“There is a tear in my eye; don’t wipe it away. It’s my gift to you.” —Rabbi Shlomo Carlebach
Dad died this past year. He was not a religious person. He didn’t criticize anyone’s choice or practice of religion, nor did he look down on folks who wanted religion to be a fixed part of their daily lives. Organized religion was simply something that did not interest him. He admired people of all faiths. He supported his children’s spiritual paths and choices without reservation. He taught and blessed his children in discreet and silent ways. He learned to recognize God in the voices of his elders as they shared their stories with him. He celebrated life as he saw fit and walked his path without regret.
The day he passed away, sadness surrounded me. My thoughts overflowed with long-forgotten images. I remembered an energetic young father concerned that his children would not have enough books to read; yet there were few memories of Dad reading to us. When he reached middle age, he honored his parents and elders with great kindness and compassion, but often criticized his children harshly. As an old man, he told complex, insightful stories that were composites of the love and admiration he had for people he’d known and choices he’d made in life.
However, I was never quite sure if my choices in life were a source of pride for my father. Whether or not he was proud of how his children turned out remained a mystery. Dad was a conventional, politically conservative man who, for the most part, supported the establishment and status quo. Still, he occasionally surprised friends by taking positions that were in direct opposition to the majority opinion within our small community.
Even if his opinion was unpopular, he held his ground stubbornly, was meticulous in studying all sides of an issue. In time, he earned the respect of others and often won them over to his point of view. He was, like many fathers, a complex person who provided his family with stability, but kept pieces of his soul private.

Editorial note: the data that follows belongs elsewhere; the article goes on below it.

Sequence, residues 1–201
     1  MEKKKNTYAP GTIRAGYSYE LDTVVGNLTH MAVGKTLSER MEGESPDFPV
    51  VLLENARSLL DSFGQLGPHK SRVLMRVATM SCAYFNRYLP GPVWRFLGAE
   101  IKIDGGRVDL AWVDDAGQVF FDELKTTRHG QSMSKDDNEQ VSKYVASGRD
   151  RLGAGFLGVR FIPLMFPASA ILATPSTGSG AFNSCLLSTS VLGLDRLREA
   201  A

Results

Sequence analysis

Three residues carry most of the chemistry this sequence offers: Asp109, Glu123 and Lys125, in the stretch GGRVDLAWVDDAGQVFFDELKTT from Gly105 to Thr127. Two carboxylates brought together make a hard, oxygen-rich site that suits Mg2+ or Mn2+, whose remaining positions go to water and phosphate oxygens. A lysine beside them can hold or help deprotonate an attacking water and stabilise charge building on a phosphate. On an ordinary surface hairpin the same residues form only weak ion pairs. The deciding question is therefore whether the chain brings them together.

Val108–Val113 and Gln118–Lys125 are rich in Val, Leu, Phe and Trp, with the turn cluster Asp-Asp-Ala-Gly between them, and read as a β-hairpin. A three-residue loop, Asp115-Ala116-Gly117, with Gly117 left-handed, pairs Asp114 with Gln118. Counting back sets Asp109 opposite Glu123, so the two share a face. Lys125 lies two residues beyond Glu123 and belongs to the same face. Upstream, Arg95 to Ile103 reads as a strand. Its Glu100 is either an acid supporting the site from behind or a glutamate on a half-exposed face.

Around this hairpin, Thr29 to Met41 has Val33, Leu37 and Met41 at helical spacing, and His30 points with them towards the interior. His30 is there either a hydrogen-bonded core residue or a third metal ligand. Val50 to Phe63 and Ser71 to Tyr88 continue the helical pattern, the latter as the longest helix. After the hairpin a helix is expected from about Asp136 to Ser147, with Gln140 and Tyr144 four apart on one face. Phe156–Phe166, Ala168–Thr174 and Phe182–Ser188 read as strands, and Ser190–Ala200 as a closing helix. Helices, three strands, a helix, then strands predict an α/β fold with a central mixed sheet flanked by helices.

When news arrived that Dad was no longer in the world, I began to grieve the father we never really understood. It was the quest for understanding of a complex and good man that would eventually bring comfort and resolve in losing such an important figure in my life. Worrisome thoughts that I’d been more of a disappointment than a source of pride to my father surfaced, bringing with them sorrow and regret. I searched memories for a legacy that would comfort me with a sense of inheritance and belonging. I needed to discover and collect pieces he’d left behind to understand his legacy and expectations for the generation he’d fathered.
It became more than slightly important to learn what my father stood for and to identify any sense of wisdom he might have left behind for his children to consider or follow. In order to accomplish this task, I would need to suspend all expectation and sew old stories, memories, and ethics together as if they were pieces set aside to construct a colorful quilt. If I was able to discover Dad’s hopes and plans for his kids, perhaps my life would measure up to his expectations and my broken heart would be mended.
For the most part, Dad led a healthy, happy life. He was close to his mother and beloved step-father. He told wonderful, funny stories of his grandparents and great grandparents. He put his elders first and took their feelings into consideration before making any decisions. His parents were also not religious people, but they were the most spiritual individuals I’ve had the privilege of knowing. In fact, both sides of the family were comprised of individuals many would describe as secular and non-religious. However, their spirituality was mature and composed of powerful pathways that affected their lives, families, and communities in positive, significant ways.